SHELF LIFE a monthly look at the glossies

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The Independent Online
Steve Coogan, Jack Dee, Eddie Izzard ... there is no shortage of comedy talent swelling clubs and TV audiences. So launching a magazine dedicated to the comedy circuit must be a sound bet. Wrong. Many have tried, and many have failed - spectacularly. A recent casualty was the Red Dwarf star Craig Charles, whose Comedy Magazine went belly-up after just one issue last year.

It is surprising, then, that not one but two comedy monthlies are to be launched next month: Comedy Review, backed by Future Publishing, and Deadpan (by comparison a bantam-weight) launched by the comedy agent and publishing newcomer Paul Duddridge. Comedy Review's editor, Andy Lowe, says his title is "Q for the comedy world" and will succeed because "earlier attempts have been too London-focused". Well, a first issue with Paul Morley on Spike Milligan and the unofficial Armando Ianucci family tree is not exactly not London-focused, but there is also a tribute to the late Bill Hicks, an American.

Future has the financial clout to stand its ground, but Duddridge says Deadpan will be more in touch with "dressing-room chat", adding, oddly, "there isn't enough UK comedy to justify a comedy-only magazine". The Deadpan launch does include stories on top TV and live acts, as well as sport and politics. Future issues will include an interview with David Letterman, plus an expose of comedy unknown Rupert Murdoch.

A senior media-buying source expects one of the publications to die at birth or soon after: "There just ain't room in the market." Who'll be the winner? With Comedy Review aiming for monthly sales of 30,000, Deadpan's 10,000 target seems more realistic. Still, as Duddridge admits: "I'm either really right or very wrong."

Comedy Review launches on 2 February and Deadpan on 20 February. Both cost pounds 2.50.

Due to cross the Pond is the trend-setting US magazine Ray Gun, whose UK version, with a little help from MTV, will be a lifestyle and music glossy entitled Blah, Blah, Blah. Ray Gun's founder, Marvin Scott Jarrett, promises: "The music magazine that people have been waiting for to change their lives." Really? For sure: "Blah, Blah, Blah will set new standards in graphic presentation and editorial stance." (Blah, Blah, Blah is edited by the former Vox features writer Shaun Phillips. The Face's Greg McLean will oversee design.)

Enough hyperbole. Nuts and bolts: "A typical story might be snowboarding with The Prodigy." Details of the debut issue remain top secret but, music and style aside, expect new twists on sports and technology. Blah Blah Blah hits the stands on 14 March at pounds 2.50.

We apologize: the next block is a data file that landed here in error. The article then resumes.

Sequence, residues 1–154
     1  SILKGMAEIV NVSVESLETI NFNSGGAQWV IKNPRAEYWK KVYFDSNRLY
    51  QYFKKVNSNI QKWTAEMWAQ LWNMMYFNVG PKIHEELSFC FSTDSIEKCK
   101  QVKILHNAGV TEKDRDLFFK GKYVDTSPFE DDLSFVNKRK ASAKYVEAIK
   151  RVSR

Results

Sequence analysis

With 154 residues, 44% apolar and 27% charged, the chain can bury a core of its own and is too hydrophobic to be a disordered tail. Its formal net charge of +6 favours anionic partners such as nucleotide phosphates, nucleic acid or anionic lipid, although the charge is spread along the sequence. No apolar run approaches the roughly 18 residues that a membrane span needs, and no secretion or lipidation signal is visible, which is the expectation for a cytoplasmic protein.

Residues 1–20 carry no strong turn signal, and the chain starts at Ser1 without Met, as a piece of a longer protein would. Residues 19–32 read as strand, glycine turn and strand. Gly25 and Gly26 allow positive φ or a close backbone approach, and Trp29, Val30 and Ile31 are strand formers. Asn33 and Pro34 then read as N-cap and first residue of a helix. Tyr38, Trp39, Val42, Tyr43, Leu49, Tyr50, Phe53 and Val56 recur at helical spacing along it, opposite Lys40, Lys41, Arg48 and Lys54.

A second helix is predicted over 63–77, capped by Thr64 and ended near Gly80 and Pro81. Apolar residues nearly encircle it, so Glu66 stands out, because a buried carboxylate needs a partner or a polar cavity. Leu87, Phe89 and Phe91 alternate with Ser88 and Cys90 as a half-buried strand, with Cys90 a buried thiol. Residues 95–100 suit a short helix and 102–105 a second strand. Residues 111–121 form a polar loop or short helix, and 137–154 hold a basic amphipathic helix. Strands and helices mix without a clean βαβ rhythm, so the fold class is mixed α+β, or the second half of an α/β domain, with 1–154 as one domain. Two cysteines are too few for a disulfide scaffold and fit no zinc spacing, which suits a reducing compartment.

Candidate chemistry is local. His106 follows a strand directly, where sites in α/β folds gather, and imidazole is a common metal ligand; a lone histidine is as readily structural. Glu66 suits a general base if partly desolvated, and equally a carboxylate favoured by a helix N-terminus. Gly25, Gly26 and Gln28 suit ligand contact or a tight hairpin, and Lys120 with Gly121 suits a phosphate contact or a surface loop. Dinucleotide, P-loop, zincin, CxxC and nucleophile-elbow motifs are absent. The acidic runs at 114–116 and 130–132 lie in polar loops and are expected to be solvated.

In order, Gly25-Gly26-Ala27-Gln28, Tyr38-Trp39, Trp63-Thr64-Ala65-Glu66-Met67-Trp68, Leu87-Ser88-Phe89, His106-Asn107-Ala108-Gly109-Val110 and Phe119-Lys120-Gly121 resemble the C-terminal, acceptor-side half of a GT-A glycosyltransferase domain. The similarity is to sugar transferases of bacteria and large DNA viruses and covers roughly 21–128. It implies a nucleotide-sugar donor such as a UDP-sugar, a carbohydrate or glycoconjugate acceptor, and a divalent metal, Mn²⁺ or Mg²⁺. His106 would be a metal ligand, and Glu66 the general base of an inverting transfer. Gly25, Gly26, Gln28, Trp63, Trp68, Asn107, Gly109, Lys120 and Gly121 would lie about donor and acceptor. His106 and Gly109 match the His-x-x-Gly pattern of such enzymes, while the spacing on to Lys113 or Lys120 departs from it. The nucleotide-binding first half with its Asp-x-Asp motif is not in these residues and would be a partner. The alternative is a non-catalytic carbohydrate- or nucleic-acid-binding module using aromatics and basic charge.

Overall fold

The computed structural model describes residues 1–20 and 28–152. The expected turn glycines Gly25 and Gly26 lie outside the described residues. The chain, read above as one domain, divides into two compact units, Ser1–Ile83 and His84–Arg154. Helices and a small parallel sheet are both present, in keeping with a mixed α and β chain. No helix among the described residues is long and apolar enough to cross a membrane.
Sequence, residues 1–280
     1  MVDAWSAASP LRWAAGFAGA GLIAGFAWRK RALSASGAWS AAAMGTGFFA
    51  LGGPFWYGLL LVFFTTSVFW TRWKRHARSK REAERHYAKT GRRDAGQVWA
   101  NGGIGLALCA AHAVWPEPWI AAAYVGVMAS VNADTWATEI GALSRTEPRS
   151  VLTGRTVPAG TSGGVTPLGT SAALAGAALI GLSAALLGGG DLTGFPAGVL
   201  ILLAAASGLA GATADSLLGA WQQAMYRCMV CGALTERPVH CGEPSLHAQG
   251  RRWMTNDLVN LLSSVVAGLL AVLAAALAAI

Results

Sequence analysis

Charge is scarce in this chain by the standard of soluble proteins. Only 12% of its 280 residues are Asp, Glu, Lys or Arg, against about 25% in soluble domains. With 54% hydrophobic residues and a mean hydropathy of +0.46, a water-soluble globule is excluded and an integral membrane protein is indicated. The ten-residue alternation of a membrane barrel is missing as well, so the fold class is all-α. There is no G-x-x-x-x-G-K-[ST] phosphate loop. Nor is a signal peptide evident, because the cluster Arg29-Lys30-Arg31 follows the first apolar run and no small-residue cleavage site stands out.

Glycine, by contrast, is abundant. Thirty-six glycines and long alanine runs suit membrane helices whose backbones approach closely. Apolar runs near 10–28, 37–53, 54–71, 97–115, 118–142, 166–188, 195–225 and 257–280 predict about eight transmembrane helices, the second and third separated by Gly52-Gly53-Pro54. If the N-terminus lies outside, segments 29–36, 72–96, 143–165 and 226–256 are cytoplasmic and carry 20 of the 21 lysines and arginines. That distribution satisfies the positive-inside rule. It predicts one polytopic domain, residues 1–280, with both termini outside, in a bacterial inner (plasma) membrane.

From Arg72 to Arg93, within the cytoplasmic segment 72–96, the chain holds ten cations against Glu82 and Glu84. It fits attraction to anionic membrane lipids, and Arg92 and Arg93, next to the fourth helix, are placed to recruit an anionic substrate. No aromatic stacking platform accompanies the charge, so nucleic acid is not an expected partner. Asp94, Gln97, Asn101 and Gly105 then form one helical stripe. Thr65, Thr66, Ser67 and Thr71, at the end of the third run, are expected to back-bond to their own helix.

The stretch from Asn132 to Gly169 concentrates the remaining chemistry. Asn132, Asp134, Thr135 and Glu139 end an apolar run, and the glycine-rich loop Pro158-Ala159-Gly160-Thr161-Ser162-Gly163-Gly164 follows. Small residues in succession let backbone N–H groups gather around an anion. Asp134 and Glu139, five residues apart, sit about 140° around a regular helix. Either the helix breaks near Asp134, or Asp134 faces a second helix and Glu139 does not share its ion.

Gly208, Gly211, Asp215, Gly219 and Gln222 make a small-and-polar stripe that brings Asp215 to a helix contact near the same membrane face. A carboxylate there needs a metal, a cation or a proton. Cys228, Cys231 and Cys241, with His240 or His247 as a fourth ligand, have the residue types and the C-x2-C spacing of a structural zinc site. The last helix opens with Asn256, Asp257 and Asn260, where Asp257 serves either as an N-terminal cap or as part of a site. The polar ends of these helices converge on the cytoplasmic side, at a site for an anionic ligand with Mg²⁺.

The women's glossy-with-a- conscience, Atlanta, due out last month, has delayed its first issue until spring. "We just weren't ready," the founder and publisher, Nikki du Preez, says. "Producing good magazines is as much to do with logistics as creative qualities." Does this explain why the editor, Charlotte Ross, has departed? Whatever, Du Preez is establishing a new team. Luckily, "our backers and advertisers are supportive".

Duo, Britain's "first dual-language Japanese-English magazine" goes international after just one issue. Tower Records will handle distribution in the United States and Japan. Bill Carter, the publisher of Duo - aimed at the thousands of UK-based Japanese visitors and residents with large disposable incomes - hopes to "promote better understanding between Japan and Europe". Though rough around the edges, Duo offers a stylishly presented mix, including an attempt to explode the myth of the "Japanese new woman", an interview with Richard Branson, plus a pull-out section for younger readers. Duo, pounds 2.50, is out now.

The style magazine Blow has relaunched following a distribution deal struck with WH Smith. The title, which moves from quarterly to bi-monthly, is up against The Face, ID and Dazed & Confused. Launched on a shoestring in 1994 by two students, James Pretlove and Michael Oliveira-Solak, Blow began life as a photocopied showcase for new talent. Following sponsorship from Absolut vodka and Bravo and funding from the Prince's Trust, it is now garnering advertisers in the Smirnoff, Levis and Katherine Hamnett league. Out now at pounds 3.

Also gaining wider exposure is the "adult" title Desire: "Fun but serious, rather than masturbatory," says Lesley Sharrock, co-founder. Desire has struck a distribution deal with WH Smith after overcoming the retailer's qualms about "intimate" pictorial portrayals. Presumably, Smith's is happy with features such as "Bringing up the rear: The bottom line on anal sex". Desire, pounds 3.50

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